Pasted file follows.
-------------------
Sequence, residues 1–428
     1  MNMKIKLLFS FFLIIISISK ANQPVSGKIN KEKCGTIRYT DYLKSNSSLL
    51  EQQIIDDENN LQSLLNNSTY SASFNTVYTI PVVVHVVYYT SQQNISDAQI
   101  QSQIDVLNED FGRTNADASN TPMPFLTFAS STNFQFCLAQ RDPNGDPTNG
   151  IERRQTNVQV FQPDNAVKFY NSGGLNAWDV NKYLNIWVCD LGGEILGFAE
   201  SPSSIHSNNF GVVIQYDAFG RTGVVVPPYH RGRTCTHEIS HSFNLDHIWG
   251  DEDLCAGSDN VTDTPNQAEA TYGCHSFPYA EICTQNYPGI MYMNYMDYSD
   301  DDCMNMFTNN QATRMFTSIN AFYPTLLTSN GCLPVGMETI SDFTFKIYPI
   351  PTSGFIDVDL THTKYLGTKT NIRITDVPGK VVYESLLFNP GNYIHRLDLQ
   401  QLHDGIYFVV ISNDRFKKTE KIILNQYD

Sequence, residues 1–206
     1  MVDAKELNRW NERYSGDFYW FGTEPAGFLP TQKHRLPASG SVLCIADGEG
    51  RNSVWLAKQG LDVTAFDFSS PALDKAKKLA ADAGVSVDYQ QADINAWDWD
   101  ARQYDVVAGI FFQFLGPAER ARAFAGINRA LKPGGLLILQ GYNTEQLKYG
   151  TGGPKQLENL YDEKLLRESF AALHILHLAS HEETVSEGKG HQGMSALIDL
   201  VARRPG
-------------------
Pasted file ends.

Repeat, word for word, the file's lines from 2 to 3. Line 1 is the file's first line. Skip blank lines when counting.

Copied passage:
     1  MNMKIKLLFS FFLIIISISK ANQPVSGKIN KEKCGTIRYT DYLKSNSSLL
    51  EQQIIDDENN LQSLLNNSTY SASFNTVYTI PVVVHVVYYT SQQNISDAQI